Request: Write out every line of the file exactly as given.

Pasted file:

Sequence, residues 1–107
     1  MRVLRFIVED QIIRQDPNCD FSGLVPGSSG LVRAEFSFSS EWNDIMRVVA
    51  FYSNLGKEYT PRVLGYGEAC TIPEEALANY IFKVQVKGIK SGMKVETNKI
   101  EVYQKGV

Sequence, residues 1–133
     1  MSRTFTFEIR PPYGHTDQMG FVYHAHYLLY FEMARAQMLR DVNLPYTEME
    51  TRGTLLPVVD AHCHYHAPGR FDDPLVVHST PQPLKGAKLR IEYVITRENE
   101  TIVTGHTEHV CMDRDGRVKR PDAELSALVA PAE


Sequence, residues 1–107
     1  MRVLRFIVED QIIRQDPNCD FSGLVPGSSG LVRAEFSFSS EWNDIMRVVA
    51  FYSNLGKEYT PRVLGYGEAC TIPEEALANY IFKVQVKGIK SGMKVETNKI
   101  EVYQKGV

Sequence, residues 1–133
     1  MSRTFTFEIR PPYGHTDQMG FVYHAHYLLY FEMARAQMLR DVNLPYTEME
    51  TRGTLLPVVD AHCHYHAPGR FDDPLVVHST PQPLKGAKLR IEYVITRENE
   101  TIVTGHTEHV CMDRDGRVKR PDAELSALVA PAE